Doing the impossible

I am pleased to announce that I just successfully settled a case for one of the most honorable men I have ever met.  He was employed by a temporary service,who, in turn, placed him at an industrial foundry.  My friend and client suffered a very significant hand injury resulting in RSD (now known as CRPS) – which is a permanent and painful condition.  My client received excellent workers compensation benefits, but nothing for pain and suffering.

My client consulted with numerous attorneys who all turned the case down on a legal principle (doctrine) known as the borrowed servant/common enterprise doctrine.  Essentially, the Minnesota Workers Compensation Statute bars or prevents lawsuits against the employer who hires a temporary worker.

I took the case.  The first thing I noticed was a huge technicality.  The Insurance Defense attorney failed to raise the defense (work comp borrowed servant) in their Answer to the complaint.  Arguably, under the rules of court, if you, as a defense attorney, do not raise a defense to a lawsuit, many courts find the defense to be waived (or given up).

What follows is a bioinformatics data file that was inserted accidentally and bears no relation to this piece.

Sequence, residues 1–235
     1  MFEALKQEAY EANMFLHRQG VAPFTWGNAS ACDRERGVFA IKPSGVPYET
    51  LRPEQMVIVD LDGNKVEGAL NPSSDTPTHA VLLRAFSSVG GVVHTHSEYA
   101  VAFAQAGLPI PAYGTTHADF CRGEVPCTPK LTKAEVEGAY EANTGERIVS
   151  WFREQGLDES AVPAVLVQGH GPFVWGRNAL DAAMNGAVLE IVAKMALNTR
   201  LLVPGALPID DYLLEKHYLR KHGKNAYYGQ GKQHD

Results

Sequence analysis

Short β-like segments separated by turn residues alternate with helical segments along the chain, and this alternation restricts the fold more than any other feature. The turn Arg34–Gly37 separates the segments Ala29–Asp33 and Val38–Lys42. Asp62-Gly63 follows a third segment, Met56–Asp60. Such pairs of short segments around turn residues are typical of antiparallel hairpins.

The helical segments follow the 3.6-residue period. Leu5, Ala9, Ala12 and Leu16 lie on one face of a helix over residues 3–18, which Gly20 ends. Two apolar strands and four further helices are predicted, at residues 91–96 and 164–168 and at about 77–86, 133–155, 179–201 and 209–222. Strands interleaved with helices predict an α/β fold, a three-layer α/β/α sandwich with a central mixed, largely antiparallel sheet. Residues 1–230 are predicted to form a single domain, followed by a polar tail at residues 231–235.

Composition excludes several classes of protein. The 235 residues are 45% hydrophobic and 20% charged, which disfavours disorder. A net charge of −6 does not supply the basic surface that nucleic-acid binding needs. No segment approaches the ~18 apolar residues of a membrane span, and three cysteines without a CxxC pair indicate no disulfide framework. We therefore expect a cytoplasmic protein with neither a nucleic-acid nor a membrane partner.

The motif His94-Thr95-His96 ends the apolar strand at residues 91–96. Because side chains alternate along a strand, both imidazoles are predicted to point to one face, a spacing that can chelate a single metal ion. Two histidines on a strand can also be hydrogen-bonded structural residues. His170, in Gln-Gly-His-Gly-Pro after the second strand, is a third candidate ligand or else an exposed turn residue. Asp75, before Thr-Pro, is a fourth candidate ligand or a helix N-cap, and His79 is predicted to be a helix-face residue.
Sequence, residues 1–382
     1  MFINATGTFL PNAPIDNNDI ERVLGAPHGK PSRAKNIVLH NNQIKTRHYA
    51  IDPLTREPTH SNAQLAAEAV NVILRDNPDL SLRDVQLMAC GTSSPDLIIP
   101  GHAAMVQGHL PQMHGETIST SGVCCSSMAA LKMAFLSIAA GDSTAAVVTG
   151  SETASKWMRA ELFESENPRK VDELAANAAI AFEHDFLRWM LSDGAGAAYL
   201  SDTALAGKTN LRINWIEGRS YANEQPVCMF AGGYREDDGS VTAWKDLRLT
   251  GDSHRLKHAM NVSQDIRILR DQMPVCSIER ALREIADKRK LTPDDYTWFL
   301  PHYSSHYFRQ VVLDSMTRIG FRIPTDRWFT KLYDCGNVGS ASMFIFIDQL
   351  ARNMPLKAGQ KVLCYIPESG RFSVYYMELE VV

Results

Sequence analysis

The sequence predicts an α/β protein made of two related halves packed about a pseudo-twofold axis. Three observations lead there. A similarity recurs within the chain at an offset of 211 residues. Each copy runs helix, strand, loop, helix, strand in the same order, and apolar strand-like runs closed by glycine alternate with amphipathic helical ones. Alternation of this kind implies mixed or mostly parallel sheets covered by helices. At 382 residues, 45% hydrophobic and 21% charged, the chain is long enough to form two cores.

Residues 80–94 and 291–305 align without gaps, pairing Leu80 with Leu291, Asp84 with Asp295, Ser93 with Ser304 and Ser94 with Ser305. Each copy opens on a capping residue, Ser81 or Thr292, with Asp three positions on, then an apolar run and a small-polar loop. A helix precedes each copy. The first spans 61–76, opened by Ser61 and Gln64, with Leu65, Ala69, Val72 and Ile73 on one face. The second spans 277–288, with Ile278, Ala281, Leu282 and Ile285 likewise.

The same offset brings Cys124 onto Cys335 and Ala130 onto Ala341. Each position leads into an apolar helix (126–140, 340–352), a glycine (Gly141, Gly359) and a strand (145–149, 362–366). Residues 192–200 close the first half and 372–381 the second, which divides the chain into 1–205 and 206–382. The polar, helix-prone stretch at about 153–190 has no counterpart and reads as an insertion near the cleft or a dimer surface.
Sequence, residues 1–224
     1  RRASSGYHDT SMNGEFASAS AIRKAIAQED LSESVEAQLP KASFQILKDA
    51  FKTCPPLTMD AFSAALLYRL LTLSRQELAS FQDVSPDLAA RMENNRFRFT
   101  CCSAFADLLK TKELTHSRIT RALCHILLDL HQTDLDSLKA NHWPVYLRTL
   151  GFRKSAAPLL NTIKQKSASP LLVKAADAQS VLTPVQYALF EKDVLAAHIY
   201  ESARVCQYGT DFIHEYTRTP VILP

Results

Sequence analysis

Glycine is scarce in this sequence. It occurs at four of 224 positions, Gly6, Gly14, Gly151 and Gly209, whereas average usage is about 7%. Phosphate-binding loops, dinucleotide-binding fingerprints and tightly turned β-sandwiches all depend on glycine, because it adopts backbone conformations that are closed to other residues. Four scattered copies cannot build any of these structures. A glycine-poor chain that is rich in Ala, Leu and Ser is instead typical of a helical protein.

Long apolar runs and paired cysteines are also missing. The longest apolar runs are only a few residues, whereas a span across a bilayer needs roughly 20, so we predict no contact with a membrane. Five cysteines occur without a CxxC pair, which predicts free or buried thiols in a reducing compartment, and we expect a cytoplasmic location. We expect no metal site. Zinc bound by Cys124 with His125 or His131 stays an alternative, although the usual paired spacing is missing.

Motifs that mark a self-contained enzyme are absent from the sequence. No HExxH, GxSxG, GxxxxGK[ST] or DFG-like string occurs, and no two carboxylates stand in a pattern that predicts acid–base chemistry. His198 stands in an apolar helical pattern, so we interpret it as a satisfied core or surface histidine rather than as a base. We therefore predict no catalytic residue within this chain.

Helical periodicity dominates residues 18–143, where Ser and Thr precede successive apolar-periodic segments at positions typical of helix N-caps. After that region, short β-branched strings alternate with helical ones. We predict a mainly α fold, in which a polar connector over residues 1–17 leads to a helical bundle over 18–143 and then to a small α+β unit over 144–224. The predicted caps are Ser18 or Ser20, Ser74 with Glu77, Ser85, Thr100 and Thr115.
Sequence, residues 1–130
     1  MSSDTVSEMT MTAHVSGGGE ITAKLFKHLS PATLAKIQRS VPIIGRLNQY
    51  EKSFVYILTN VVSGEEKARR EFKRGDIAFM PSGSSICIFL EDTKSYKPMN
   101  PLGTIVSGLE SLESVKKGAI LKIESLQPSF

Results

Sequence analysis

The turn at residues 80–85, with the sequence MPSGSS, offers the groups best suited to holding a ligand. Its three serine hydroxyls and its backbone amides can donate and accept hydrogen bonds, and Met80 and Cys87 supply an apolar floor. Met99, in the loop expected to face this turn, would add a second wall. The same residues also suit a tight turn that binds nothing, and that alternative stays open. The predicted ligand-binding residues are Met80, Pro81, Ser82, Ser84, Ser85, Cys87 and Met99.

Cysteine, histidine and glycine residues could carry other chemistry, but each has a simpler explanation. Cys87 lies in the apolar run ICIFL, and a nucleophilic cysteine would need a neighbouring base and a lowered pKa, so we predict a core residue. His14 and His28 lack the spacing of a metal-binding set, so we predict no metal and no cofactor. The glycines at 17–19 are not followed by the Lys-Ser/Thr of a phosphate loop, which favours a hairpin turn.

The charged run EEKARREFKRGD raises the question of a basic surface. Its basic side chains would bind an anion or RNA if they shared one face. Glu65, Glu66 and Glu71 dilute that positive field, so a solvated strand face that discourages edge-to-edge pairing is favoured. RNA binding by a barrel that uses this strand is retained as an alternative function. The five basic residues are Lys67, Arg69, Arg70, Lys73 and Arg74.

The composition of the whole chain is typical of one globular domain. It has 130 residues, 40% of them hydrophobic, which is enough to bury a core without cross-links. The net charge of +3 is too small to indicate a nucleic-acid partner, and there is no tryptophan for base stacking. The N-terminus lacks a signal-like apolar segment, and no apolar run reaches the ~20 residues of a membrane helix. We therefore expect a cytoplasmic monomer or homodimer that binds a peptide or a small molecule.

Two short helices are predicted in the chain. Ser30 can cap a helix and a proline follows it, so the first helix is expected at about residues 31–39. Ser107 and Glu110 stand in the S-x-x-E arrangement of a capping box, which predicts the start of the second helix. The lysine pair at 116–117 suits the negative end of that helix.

Next, I did substantial research and consulted with an OSHA expert.  I took depositions of the President of the defendant company and his right-hand man.  The defense had a hearing scheduled to dismiss my guy’s entire case (scheduled for September 11,2014).  However, after doing much research, finding a technicality and knowing what answers I needed in depositions (interviews) to get around the onerous loaned servant rule, gave us an upper hand. End of story:  The defendant company and their insurance company declined to move forward with their motion to dismiss, and instead, offered a very equitable sum, resulting in a very successful settlement for my friend.  The moral of the story is that the attorney you hire, and his experience, makes all the difference in the world.  I encourage attorneys to not summarily reject cases when, at first look,they appear not winnable.


If you have any legal questions, call attorney Richard W. Hechter at 952-920-0840

Copyright 2015 Rich Hechter